Rather than photo cells, their first solar energy plant is solar-thermal. Parabolic mirrors create a trough that cradles a tube that runs its entire length. The mirrors gather and focus the sunlight onto the tube. Within that tube, a liquid transfers the heat of the sun to a generator that produces steam and electricity.

The plant was constructed of domestic materials and labor there in Shiraz, within the Fars province. This solar-thermal electric plant is the first to generate electricity, but Iran already has some 4000 smaller solar-thermal installations throughout the country, providing solar-heated water for residents and public baths.

One 40-home village in Iran gets its power from photovoltaic cells, but in the overall Iran is focusing on solar-thermal technology. Part of their wisdom is likely in that they can produce the entire array domestically with thermal-solar, rather than purchasing photovoltaic equipment from other nations. Their independence is inspiring, and may go a long way towards explaining their insistence upon developing their own nuclear power as well.

For a nation to develop and produce their own domestic system in this fashion is commendable. We salute Iran for their efforts in going Green!

Russia Cuts NG Pipeline, Leaving Millions To Freeze

January 1, 2009

About 60 percent of Russia’s budget comes from exporting natural gas westward, through the Ukraine and on to Western Europe. The pipeline has long been a risk, protected only by the potential of Russia to retaliate, and by Russia’s ability to turn the gas off at its source. Earlier today, Russia reduced the flow by about 90 million cubic meters, which is the allocation for the Ukraine’s 46 million people. The issue? Money, of course. Money and control.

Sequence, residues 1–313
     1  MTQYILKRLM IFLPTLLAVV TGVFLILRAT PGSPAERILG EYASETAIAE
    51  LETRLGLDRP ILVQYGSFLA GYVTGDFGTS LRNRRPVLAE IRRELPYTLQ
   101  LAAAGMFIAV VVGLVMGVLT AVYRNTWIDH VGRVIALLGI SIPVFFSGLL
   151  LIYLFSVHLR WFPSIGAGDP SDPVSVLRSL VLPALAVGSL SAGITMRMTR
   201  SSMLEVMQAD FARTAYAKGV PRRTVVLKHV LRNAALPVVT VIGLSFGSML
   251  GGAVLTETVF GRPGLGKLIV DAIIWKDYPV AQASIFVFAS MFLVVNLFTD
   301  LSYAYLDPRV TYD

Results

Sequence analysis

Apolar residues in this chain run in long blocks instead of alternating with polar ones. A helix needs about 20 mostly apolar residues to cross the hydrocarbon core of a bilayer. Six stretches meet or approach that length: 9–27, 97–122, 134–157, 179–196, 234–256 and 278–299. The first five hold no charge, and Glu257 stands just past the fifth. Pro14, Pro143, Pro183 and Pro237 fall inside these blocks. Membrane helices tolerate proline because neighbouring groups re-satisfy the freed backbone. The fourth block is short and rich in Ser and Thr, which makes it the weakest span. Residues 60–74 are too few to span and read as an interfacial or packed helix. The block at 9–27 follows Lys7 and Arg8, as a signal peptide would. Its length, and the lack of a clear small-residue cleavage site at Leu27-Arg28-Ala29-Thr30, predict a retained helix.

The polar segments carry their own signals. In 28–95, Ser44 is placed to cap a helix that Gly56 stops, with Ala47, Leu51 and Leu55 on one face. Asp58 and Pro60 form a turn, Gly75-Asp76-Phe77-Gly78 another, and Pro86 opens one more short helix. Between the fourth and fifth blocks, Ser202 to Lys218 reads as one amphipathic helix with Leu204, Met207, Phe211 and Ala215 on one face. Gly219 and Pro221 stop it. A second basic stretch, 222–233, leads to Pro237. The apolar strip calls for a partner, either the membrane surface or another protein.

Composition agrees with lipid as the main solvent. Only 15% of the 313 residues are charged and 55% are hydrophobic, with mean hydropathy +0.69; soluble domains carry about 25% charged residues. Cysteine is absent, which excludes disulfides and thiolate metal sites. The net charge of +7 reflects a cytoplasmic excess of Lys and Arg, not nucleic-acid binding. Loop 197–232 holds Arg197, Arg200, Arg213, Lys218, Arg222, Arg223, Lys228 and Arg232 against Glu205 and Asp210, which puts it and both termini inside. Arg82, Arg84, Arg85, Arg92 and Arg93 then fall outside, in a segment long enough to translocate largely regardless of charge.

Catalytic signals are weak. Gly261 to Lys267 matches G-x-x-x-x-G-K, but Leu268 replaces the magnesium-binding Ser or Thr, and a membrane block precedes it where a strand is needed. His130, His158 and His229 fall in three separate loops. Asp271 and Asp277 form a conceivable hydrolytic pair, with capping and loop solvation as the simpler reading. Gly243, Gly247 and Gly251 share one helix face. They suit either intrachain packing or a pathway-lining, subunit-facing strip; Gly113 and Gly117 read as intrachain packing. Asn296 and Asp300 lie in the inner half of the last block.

Preface: Ukraine ceased importing electricity from Russia on December 1, 2008, after repairs to one of Ukraine’s nuclear reactors were completed.

The Ukraine delivered 1.5 billion dollars on Tuesday, Dec. 30, 2008, and considered their bill settled. Russia’s Gazprom now claims that Ukraine must also pay $600 million in late fees before they will restore the flow of natural gas to the nation, which is in the midst of their coldest months of winter now.

Furthermore, Gazprom is demanding that Ukraine pay $250  $450 per 1,000 cubic meters in 2009, 40% 250 percent (2.5 times as much) more than the $179 price paid in 2008.*  Ukraine says they cannot pay that price unless Russia offsets the increase by paying Ukraine that same amount more for exporting Russia’s gas through their country on to Europe. Russia has promised that they will continue to export gas to Europe without interruption. Russia’s Prime Minister, Vladamir Putin, said that any interference with Russia’s gas exports to Europe would carry “serious consequences for the transit country itself.”